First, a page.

‘Tis the season for preserving food. But to be honest, we’re not doing that much fermenting this fall because we still have SO MANY jars of fermented vegetables from last summer! We wasted absolutely no time in munching through our favourites (pickles, sauerkraut, and kimchi) and ran out of these quite early, so despite the full fridge I couldn’t turn down the big bag of cukes I recently found at the market. I went home and promptly made seven jars of garlic dill pickles.
We’re a bit out of sync, and we owe our thanks to the hard-working farmers that supply our year-round farmers market. Normally there should be a bit more of a flow to the seasons. Plant in the spring, live off the land all summer, harvest and preserve like crazy all autumn, then live off the harvest throughout the winter before starting all over again.
Thanks to the farmers market, we did the live off the land all summer part and the preserve like crazy all autumn part, though we didn’t really have a “harvest”. We weren’t able to plant much on our tiny balcony, and we weren’t buying mass quantities of produce like an efficient garden supplies you with throughout the growing season.
Instead of living off a harvest throughout the winter, we bought local farmers market foods weekly which included the luxury of greenhouse-grown tomatoes, cucumbers, peppers, and eggplant. Because of this, we weren’t as focused on using up our personal supply of fermented veggies. And that’s how it came to be that we still have rows upon rows of jars of fermented foods in our fridge, another season later.
I read Animal Vegetable Miracle over Thanksgiving, and absolutely loved it. It’s an inspiring and insightful read for those who are unsatisfied with our current food system and want to know what they can do to help preserve food security. Those who haven’t given the issue much (or any) thought will derive even greater benefit from the well-laid out information packed into this sometimes hilarious book. Needless to say, I highly recommend the read.
After finishing Animal Vegetable Miracle, I’m absolutely dying to have a yard to dig in and a chest freezer to stock up in (even more so than before). I’d like to start learning how to grow my own food in quantities large enough to feed my partner and I, to become more in tune with the earth and its seasons. For now, the farmers market and the odd balcony-grown tomato and cucumber are happy alternatives.
Back to the pickles! In my opinion, last years pickles turned out better than this years. The flavour was great (I used the same recipe) but I used different varieties of cucumbers. Last year I used mini cucumbers (they look like Lebanese cucumbers) and they turned out perfectly crunchy. It was the best pickle we’d ever tasted, and made everyone who visited our apartment eat one. They all agreed.
This year I used actual pickling cucumbers and was surprised when they turned out a bit mushy. Next year I’ll be trying mini cucumbers again, but really any cucumber will work. Use whatever small cucumbers you grew this year, or whatever you can get your hands on at the farmers market. Though I haven’t tried it myself, you can add a couple oak leaves, grape leaves, horseradish leaves, or a small amount of black tea leaves to your ferment. The high tannin content will help your finished pickle retain its crunch.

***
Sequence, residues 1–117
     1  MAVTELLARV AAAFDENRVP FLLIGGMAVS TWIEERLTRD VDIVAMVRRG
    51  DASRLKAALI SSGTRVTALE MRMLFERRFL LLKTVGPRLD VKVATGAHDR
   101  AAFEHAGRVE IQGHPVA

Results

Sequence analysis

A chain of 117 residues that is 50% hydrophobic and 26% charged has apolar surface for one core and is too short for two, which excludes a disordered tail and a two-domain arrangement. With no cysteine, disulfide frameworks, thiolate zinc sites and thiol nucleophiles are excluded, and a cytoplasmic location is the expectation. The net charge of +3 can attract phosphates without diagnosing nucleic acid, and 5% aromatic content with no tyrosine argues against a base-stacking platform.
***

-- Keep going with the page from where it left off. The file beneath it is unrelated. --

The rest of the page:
- Soak cucumbers in a sink filled with cold water to help them retain their crunch. Scrub each cucumber well and slice off any stems or flower bits left behind.
- In the bottom of a 1L wide-mouth mason jar, place 1 clove halved garlic, a handful of dill, and 1 tablespoon pickling spice. Place cucumbers vertically, packing in as many as you can. Depending on their length, you may be able to fit a few resting on top, but keep in mind you'll need to save a few inches of space at the top of the jar. On top of the cukes, add another 2 cloves of garlic, a handful of dill, and ½ tablespoon pickling spice.
- Dissolve mineral salt in filtered water. I like to add it to a flip-top bottle and shake until dissolved. Once dissolved, pour brine over the cucumbers leaving an inch or so of space at the top. Though not required, you can add a few tablespoons of brine from a previous ferment to get things going.
- Choose your desired method of fermentation. I ferment in wide-mouth mason jars, placing a 4 ounce jar in the opening to keep the vegetables submerged under the brine. Alternatively you can use a clean rock or ceramic fermentation weights. Don't use any weights containing metal or plastic, and make sure all your vegetables are submerged otherwise they may develop mold. I fit my jar with a wide-mouth mason reCAP with a #6.5 rubber bung and an airlock. There are also kits available. Alternatively, you can use the regular mason jar lid, but you'll need to burp it a few times a day to let out pent-up gasses. If you're a frequent fermenter like myself, you may want to consider upgrading to a fermentation crock.
- When your set-up is complete, place the jars at room temperature out of direct sunlight. Make sure you keep it at least a few feet away from other ferments or sources of bacteria such as houseplants and garbage cans to prevent cross-contamination and mold.
- Let ferment for 5 days, then give it a taste. Taste every few days until you're happy with the flavour, then screw the regular lid back on your jar and store in the fridge. I typically let my ferments go for about 4 weeks. The longer they ferment, the broader the bacteria count and more developed the flavour becomes. It's up to you, so let your taste buds guide you.